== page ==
Rape kit testing bill facing opposition from law enforcement organization

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A bill that would make it mandatory to test all DNA evidence from sexual assaults is getting fierce opposition from the State Sheriff's Association.

It might seem like common sense to test DNA evidence from sexual assaults to help catch more criminals, but a bill that would make that mandatory is getting some fierce opposition from the State Sheriff's Association.

It's the subject of a hearing tomorrow in Sacramento. Last year, the I-Team uncovered thousands of untested sexual assault evidence kits sitting on police property room shelves across the Bay Area. After that, a state lawmaker introduced a bill to fix the problem and it passed the Assembly by a vote of 79-0. But, the opposition is not going away without a fight.

The California State Sheriff's Association is coming out strongly against the rape kit bill. Stanislaus County Sheriff Adam Christianson is the group's president, and he says, "The problematic part of this piece of legislation is really the unfunded mandate and the over-burdensome regulation that it brings. Really this is about local control. It's about the sheriffs having the discretion in determining which forensic cases we refer to the Department of Justice."

Assm. Nancy Skinner, D-Berkeley, sponsored the measure to test all rape kits. She said, "Any profession likes to have discretion and we, we recognize that, but we think in this particular incident, their body is the crime scene. So, that means that they need to be at a doctor's office or a hospital, have that evidence basically, you know, through a medical examination collected. It deserves to at least get into the national database."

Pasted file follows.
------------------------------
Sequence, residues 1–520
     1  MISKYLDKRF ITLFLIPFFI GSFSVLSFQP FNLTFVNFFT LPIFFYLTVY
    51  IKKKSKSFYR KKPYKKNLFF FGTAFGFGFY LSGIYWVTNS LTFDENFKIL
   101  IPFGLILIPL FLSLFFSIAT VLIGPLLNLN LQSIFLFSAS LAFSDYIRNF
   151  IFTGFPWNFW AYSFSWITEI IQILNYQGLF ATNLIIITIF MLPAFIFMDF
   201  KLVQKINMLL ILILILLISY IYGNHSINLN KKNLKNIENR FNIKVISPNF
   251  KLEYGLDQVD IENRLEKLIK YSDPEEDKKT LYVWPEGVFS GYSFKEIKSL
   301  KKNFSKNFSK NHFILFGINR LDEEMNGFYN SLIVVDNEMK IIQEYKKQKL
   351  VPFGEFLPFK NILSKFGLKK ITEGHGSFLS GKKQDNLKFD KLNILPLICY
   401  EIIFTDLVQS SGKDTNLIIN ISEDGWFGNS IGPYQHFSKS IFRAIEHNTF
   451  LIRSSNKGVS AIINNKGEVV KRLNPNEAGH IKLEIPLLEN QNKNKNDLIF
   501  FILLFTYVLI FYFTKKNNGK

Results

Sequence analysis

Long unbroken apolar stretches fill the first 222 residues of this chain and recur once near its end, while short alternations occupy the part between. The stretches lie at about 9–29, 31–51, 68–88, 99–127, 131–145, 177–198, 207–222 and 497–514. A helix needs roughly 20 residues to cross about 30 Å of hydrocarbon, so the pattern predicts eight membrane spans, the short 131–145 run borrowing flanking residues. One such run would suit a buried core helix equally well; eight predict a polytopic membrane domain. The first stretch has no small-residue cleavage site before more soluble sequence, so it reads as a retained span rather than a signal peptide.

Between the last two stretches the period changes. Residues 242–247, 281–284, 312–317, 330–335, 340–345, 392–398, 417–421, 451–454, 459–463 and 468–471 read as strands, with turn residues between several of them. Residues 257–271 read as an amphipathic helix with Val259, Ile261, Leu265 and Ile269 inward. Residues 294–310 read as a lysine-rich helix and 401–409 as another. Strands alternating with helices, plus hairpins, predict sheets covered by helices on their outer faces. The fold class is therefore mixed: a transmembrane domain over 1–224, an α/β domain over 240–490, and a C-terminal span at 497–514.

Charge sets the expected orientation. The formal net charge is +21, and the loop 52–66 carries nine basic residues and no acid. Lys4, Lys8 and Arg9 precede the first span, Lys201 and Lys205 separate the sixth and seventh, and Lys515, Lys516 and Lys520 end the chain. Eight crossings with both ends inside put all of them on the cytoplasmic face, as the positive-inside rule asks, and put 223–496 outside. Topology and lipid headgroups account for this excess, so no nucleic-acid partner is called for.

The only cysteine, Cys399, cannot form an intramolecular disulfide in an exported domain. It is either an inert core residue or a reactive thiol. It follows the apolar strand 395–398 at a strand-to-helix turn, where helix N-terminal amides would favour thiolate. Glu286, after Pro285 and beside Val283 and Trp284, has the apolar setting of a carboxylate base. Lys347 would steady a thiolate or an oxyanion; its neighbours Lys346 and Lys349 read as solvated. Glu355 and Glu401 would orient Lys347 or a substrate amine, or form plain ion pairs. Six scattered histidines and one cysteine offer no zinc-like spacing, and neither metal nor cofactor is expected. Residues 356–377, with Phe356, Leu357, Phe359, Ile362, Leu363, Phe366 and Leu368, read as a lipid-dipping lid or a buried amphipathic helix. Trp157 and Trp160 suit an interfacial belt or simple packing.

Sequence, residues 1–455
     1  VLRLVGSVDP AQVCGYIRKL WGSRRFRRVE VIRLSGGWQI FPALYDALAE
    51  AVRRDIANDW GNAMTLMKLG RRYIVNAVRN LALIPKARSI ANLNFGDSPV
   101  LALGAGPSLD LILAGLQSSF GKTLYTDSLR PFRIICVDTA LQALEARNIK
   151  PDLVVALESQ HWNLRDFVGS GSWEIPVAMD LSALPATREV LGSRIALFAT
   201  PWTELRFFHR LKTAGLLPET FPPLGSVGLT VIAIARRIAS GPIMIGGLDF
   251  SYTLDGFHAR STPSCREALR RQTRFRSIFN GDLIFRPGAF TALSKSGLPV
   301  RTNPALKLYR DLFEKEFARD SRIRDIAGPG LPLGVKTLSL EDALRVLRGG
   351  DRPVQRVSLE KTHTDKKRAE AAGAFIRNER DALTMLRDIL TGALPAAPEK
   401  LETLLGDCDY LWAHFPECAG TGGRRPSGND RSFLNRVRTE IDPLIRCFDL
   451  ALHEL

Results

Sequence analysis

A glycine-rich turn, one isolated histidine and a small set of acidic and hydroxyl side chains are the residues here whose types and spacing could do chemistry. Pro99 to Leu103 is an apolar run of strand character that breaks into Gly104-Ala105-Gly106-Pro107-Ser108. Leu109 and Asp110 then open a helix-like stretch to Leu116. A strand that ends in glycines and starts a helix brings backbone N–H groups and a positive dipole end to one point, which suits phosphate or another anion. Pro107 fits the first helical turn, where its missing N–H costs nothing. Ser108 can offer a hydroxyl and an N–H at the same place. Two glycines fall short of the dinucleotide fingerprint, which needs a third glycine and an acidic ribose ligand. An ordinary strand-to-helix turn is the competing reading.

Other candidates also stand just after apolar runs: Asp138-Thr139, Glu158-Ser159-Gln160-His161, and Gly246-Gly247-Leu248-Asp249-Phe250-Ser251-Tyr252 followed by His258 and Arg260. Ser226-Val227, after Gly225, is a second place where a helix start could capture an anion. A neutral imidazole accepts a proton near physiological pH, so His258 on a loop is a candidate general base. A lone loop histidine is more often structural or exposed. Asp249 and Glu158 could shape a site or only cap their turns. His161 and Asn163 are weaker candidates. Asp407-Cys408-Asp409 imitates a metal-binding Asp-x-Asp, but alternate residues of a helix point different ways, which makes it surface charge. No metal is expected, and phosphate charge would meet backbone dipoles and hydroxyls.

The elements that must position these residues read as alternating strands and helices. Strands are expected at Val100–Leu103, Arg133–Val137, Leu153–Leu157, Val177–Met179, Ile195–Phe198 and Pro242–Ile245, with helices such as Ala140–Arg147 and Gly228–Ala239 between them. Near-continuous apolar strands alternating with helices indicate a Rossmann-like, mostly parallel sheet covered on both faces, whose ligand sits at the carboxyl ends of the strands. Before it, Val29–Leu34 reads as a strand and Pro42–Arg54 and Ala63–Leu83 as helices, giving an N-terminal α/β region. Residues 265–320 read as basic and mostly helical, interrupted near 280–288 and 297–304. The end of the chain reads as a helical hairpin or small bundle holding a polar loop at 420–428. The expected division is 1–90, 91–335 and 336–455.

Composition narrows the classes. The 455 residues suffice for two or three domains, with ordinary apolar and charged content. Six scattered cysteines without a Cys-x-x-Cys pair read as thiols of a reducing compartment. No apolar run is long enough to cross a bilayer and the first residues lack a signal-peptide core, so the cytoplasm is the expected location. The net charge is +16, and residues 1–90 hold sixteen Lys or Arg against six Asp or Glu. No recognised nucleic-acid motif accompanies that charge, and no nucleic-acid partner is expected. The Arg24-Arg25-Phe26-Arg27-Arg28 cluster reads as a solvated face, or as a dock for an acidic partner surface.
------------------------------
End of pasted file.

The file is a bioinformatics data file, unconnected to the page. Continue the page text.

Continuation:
The Skinner bill does not include new funding for the tests that can run $800 or more a piece, but she argues it's worth it. Cities which test all sexual assault evidence have seen a dramatic increase in the number of cases solved.

"This would be sort of these pie in the sky discussions if we didn't know that it works," Skinner says. "Because, for example, in New York City, when New York City tested its entire backlog at the point that they tested it was a 17,000 backlog. Their rape arrest record went up to 70 percent."

In response to opposition from the sheriffs and the Lab Directors Association, Skinner amended the bill:

  • Law enforcement would have had five days to submit a rape kit to a crime lab. Skinner changed that to 10.

  • She also doubled the number of days that labs would have to upload a DNA profile to the national database to 60.

  • The bill would not go into effect until Jan. 1, 2016.

  • Christianson says, "It's a step in the right direction, but it's not enough."

    The sheriffs want more concessions, including full funding of the additional workload for crime labs, or they want the bill pulled.

    Christianson argues, "We think we can get the job done and support our victims and serve the people and protect people without the unnecessary regulatory mandates."

    Skinner says the state budget is in better shape now, so funding may be easier to obtain. And the federal government has pledged $41 million to reduce the backlog of untested rape kits across the country.
    Related Topics:
    politicsI-Teamrapesex crimescrimesherifflawsbillssexual assaultModesto
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